The idea of a “tree builder” occurred to me almost as soon as I imagined a world without trees or nature… I thought people would build trees as a way to remember the world that once was.
Finally, I’d love to hear more about the GenTech corn in Rootless. Did you spend a lot of time researching genetically modified food? Do you have any thoughts on GM food in our world?
You know, GenTech and the corn are, at the end of the day, intended as metaphors. But as soon as I imagined locusts consuming everything in their path, I pictured one thing surviving: genetically engineered corn. I imagined it becoming the only source of food and fuel. And I imagined a single corporation controlling it…
I do believe we’re losing biodiversity as a result of corporations developing genetically modified organisms (GMOs). Such companies engineer crops to be resistant to disease, insects, even pesticides. Then they slap patents on their GM seeds and release them into the environment where they outcompete and interbreed with non-GMOs, reducing biodiversity and increasing the patent-holders’ control over our food supply.
It’s too serious a subject to play around with in story-form and not do any research. And one of the most interesting things I found was this “super worm” that’s evolved to be able to resist the pesticides that Monsanto has put INSIDE corn. The GM corn in question is engineered to produce a protein that’s fatal to the rootworms that ingest it. Yet pesticide-resistant rootworms are now showing up – outsmarting the genetic engineering that was supposed to keep them away. That’s similar to how the all-consuming locusts in ROOTLESS evolved in response to GenTech’s corn.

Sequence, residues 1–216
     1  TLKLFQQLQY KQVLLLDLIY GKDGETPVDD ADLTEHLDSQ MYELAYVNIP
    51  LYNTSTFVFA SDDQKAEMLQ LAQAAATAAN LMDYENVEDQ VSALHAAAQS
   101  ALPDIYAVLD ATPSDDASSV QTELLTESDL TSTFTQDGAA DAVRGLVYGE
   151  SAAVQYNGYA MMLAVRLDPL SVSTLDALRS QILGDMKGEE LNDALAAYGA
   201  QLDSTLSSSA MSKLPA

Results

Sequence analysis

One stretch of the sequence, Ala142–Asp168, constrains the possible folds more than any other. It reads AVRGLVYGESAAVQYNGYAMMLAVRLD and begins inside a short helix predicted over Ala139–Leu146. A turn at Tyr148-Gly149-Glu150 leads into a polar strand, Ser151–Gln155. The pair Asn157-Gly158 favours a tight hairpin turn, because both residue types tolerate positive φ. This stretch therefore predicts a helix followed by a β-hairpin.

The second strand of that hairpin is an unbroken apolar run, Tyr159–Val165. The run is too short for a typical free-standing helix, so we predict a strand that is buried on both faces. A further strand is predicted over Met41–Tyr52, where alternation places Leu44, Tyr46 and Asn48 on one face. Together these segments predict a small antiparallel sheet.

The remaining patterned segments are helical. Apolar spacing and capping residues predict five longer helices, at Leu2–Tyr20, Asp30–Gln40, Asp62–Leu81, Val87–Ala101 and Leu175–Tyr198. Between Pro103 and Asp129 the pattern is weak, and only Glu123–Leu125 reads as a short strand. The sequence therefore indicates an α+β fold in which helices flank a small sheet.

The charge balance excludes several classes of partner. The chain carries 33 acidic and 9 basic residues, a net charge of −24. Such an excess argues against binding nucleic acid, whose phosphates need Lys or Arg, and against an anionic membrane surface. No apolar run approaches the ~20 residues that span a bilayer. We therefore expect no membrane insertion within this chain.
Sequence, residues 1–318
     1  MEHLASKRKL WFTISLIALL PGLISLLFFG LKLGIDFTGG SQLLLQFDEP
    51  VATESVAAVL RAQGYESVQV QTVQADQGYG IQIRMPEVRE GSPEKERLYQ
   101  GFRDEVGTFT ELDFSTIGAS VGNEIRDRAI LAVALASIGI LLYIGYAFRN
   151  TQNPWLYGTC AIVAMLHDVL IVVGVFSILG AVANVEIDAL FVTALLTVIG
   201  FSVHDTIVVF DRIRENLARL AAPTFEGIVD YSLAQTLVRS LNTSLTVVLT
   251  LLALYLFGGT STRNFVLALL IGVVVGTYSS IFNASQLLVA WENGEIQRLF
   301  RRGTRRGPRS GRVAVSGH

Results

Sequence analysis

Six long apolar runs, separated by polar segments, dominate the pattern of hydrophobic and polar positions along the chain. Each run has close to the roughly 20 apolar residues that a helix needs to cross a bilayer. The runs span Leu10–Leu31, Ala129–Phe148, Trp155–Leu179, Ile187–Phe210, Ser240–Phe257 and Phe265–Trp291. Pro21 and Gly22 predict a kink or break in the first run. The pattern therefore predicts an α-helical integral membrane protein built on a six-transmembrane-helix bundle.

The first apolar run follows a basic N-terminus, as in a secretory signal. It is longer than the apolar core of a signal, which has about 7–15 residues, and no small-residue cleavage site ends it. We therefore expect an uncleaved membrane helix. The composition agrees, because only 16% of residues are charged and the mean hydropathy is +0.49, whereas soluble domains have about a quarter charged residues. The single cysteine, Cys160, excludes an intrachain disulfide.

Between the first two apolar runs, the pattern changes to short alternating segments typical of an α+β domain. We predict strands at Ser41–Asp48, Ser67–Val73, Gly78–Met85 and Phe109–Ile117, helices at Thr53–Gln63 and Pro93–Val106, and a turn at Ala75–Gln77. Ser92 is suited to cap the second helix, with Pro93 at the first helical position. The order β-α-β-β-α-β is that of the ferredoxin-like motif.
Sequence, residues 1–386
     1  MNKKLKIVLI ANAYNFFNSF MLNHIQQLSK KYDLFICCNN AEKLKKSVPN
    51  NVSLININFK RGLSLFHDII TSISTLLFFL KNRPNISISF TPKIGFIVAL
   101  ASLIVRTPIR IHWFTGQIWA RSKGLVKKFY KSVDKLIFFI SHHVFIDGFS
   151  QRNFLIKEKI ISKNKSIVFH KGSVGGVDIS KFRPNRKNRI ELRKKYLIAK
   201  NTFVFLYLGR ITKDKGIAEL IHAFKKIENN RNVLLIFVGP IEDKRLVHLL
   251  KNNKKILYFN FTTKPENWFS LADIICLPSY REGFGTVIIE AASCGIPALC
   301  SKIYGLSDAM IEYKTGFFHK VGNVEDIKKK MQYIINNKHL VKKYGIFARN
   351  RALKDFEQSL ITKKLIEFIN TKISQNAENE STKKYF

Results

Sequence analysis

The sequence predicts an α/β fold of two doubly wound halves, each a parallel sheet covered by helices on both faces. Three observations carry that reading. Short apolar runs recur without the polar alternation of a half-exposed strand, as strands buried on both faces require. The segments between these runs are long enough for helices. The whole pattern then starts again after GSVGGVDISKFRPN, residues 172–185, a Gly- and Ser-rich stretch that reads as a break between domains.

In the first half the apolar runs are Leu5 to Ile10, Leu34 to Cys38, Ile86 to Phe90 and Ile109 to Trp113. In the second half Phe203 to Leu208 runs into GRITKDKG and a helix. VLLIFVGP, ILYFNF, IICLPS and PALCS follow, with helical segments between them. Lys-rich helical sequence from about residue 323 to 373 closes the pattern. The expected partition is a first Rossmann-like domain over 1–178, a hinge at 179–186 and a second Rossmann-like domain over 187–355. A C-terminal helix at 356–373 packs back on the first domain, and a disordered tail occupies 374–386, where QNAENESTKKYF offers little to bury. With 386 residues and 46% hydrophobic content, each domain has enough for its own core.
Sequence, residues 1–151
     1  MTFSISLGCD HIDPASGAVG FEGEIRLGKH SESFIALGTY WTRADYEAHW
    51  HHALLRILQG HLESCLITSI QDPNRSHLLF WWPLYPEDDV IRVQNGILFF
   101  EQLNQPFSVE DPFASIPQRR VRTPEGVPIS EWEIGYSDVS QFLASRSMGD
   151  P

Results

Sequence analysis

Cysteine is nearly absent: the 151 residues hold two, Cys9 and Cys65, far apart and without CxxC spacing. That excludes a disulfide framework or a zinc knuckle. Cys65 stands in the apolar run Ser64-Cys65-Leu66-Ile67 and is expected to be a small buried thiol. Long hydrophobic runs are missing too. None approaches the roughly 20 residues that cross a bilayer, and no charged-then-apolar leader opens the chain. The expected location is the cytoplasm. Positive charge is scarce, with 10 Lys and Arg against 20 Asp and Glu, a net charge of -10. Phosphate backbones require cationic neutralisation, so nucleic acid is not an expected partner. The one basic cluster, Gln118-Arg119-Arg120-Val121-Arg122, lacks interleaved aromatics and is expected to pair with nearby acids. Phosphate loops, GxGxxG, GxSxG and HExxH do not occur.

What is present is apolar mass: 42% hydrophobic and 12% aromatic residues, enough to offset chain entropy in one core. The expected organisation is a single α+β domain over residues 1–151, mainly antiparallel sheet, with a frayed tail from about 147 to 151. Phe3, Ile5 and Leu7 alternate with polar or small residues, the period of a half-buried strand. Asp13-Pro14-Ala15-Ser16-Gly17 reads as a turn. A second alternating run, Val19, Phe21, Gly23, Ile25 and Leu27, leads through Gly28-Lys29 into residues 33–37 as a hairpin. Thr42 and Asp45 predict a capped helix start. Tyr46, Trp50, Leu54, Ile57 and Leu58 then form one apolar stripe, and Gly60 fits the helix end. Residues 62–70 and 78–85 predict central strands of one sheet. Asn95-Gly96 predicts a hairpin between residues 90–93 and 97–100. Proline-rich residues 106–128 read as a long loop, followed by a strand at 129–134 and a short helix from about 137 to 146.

It’s a very complicated issue, but I hope ROOTLESS will inspire some readers to think about the potential dangers that can arise when we overly-manipulate the natural world. To me, it’s not so much about the science, it’s what we do with it that’s important.
17-year-old Banyan is a tree builder. Using salvaged scrap metal, he creates forests for rich patrons who seek a reprieve from the desolate landscape. Although Banyan’s never seen a real tree–they were destroyed more than a century ago–his missing father used to tell him stories about the Old World.
Everything changes when Banyan meets a mysterious woman with a strange tattoo, a map to the last living trees on earth, and he sets off across a wasteland from which few return. Those who make it past the pirates and poachers can’t escape the locusts . . . the locusts that now feed on human flesh.
But Banyan isn’t the only one looking for the trees, and he’s running out of time. Unsure of whom to trust, he’s forced to make an alliance with Alpha, an alluring, dangerous pirate with an agenda of her own. As they race towards a promised land that might only be a myth, Banyan makes shocking discoveries about his family, his past, and how far people will go to bring back the trees.
Before he wrote stories, Chris Howard wrote songs, studied natural resources management, and led wilderness adventure trips for teenagers. He currently lives in Denver, CO, and ROOTLESS is his first novel. Join him at http://www.chrishowardbooks.com/
FIND CHRIS ONLINE:
- Guest Blog: The Science of Rootless by Chris Howard (novelnovice.com)
- Margie Kelly: Top 7 Genetically Modified Crops (huffingtonpost.com)
- California Rejects Genetically Modified Food Labels; Supporters Vow To Fight On (npr.org)
- GM corn variety ‘cannot be regarded as safe’: Author of study linking it to cancer hits back at critics (prn.fm)
- Review: “Rootless” by Chris Howard (birthofanewwitch.wordpress.com)